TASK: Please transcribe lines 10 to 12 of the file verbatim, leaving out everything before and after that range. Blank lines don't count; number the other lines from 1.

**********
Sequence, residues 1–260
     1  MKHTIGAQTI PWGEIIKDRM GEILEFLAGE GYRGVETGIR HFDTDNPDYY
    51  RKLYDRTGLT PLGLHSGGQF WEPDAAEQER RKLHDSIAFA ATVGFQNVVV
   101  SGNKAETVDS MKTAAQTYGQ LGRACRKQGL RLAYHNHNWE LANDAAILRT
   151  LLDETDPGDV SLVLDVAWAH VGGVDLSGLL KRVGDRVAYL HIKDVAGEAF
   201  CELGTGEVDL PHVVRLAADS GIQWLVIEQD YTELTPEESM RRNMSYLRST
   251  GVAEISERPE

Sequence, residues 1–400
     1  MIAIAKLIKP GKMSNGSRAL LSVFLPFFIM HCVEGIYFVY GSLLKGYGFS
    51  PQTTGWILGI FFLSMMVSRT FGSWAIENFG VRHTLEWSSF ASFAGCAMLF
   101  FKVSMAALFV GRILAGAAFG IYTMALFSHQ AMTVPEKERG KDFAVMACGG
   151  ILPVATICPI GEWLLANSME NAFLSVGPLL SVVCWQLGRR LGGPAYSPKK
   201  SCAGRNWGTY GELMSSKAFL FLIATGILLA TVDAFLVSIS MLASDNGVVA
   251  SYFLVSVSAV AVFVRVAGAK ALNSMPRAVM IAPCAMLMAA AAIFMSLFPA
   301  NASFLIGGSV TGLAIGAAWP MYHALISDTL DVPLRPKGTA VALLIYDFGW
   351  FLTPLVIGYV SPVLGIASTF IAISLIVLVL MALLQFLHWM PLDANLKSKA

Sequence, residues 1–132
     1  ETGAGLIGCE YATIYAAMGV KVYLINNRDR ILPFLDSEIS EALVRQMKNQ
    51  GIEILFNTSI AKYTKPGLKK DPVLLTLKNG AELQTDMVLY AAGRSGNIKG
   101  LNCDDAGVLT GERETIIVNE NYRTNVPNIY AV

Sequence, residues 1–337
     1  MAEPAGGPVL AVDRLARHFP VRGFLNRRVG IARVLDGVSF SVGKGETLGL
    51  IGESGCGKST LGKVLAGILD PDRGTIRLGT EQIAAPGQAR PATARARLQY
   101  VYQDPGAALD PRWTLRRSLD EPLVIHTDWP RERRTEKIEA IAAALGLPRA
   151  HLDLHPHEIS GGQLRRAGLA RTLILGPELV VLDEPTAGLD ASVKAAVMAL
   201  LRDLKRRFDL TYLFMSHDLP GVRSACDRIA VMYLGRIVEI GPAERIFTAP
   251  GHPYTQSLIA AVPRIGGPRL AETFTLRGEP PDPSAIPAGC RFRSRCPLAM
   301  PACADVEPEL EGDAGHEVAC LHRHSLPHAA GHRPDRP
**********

    51  PQTTGWILGI FFLSMMVSRT FGSWAIENFG VRHTLEWSSF ASFAGCAMLF
   101  FKVSMAALFV GRILAGAAFG IYTMALFSHQ AMTVPEKERG KDFAVMACGG
   151  ILPVATICPI GEWLLANSME NAFLSVGPLL SVVCWQLGRR LGGPAYSPKK